Seniors: Questions you Should Be Asking if You're Thinking of Applying Early

If you are thinking of applying under an early action or early decision plan, we have some questions for you to consider as you decide what might be right for you. The more yes answers you can give, the more applying early might be your best approach.

If you’re considering early decision, start here and work your way through all the questions below:

• Of all the colleges on your list, is this the school where you would unquestionably enroll?

• Is your first-choice school an environment that fits you well, but also a place where you can change and grow?

• Have you felt the school where you are going to apply early decision is your first choice for more than a few days or weeks?

• Do you and your parents agree that if you are given a reasonable financial aid package, you will attend the school even if other colleges were to offer you stronger financial aid packages or a merit scholarship?

If you’re considering early action or restrictive early action, start here:

• Do your junior-year grades and classes support an early application, relative to the philosophyn and practice of the college to which you’re applying?

• Have you completed all standardized testing by October of your senior year?

• Considering your commitments to extracurricular activities or work, will you be able to complete your application by November?

• Are you a student with a special talent, such as an athlete, or a special circumstance, such as a legacy applicant?


For more information about rolling admission, restrictive early action, and why colleges offer different decision plans , see Chapter 15, "Decision Plans," in College Admission: From Application to Acceptance, Step by Step.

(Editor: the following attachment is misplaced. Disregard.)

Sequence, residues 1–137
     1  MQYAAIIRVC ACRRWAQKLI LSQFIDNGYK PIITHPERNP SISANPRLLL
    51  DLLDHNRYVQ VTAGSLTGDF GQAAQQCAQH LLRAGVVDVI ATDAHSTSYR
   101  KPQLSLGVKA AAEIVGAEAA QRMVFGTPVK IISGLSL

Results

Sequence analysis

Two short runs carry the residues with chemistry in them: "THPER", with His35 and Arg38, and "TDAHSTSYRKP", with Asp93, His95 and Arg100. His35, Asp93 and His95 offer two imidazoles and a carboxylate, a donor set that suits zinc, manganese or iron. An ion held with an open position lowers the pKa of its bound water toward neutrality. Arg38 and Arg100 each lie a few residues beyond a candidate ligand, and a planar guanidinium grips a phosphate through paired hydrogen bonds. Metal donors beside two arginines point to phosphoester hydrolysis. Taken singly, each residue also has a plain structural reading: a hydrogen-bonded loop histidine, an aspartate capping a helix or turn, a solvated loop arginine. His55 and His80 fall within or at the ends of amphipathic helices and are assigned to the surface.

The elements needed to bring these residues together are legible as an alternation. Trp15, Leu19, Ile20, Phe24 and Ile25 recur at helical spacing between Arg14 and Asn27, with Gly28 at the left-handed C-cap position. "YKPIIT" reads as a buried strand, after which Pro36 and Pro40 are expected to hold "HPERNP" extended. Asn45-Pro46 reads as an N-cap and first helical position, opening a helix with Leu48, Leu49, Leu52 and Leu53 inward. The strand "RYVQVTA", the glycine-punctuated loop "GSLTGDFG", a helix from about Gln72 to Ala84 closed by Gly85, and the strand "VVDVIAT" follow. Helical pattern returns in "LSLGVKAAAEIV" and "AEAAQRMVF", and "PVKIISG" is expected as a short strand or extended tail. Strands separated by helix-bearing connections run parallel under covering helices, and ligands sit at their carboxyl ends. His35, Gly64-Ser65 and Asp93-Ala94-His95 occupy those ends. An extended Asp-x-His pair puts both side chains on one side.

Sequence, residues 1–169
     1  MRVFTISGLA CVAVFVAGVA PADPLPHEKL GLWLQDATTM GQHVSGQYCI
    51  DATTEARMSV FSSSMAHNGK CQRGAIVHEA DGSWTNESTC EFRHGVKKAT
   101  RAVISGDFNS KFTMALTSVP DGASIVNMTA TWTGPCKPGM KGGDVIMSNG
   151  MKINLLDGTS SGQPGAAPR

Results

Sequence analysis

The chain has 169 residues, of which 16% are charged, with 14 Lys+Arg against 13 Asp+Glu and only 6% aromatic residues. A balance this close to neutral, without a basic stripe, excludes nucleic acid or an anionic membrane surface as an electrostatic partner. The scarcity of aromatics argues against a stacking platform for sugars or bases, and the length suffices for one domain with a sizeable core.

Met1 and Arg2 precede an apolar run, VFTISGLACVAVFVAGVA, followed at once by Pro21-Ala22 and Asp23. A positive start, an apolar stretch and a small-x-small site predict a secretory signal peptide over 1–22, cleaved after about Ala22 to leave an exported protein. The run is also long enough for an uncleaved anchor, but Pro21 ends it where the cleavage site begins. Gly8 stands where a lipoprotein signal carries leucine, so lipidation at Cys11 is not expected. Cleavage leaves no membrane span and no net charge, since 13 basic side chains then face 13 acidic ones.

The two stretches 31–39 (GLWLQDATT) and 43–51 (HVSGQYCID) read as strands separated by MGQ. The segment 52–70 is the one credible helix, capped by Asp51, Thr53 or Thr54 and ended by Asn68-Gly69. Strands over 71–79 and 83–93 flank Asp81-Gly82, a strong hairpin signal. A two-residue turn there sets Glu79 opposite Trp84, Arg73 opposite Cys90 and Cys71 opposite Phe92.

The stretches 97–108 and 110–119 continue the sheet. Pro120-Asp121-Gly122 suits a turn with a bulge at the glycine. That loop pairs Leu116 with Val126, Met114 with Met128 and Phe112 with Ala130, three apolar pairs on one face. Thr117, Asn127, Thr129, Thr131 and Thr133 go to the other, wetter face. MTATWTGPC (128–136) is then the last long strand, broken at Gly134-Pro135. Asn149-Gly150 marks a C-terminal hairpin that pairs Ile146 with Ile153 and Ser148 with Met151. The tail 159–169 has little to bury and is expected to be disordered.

My advice is to leave your options open, with everything from deciding which college to attend to accepting financial aid packages, on the table.

Early Decision, where students, should they be accepted, foreclose any choice, and is typically the death knell for meaningful financial aid, is like purchasing a horse to hitch to your wagon, and two months later, Ford rolls its first car off the assembly line. You are married to that school come December or January, when you might have found that more appropriate collegiate partner come May 1. Unless you are absolutely, positively certain that your Early Decision school is the one and only (and you, your parents, your guidance counselor and your pet hamster are willing to commit), in a word, DON'T!

As for Early Action, assuming your application is complete and good to go in every respect (don't rush it simply to make deadline), go for it! Getting your foot in the door before 70% of the applications roll in, and showing admissions that you're not one to dilly dally, can only (and usually does) help.

With respect to Restricted Early Action (where you can only apply to THAT college early, to the exclusion of other schools with Early Action plans), in general, no. That college may consider itself special. Good for them. Why preclude the opportunity to apply elsewhere, perhaps to every school on your list that so permits, early in the game?

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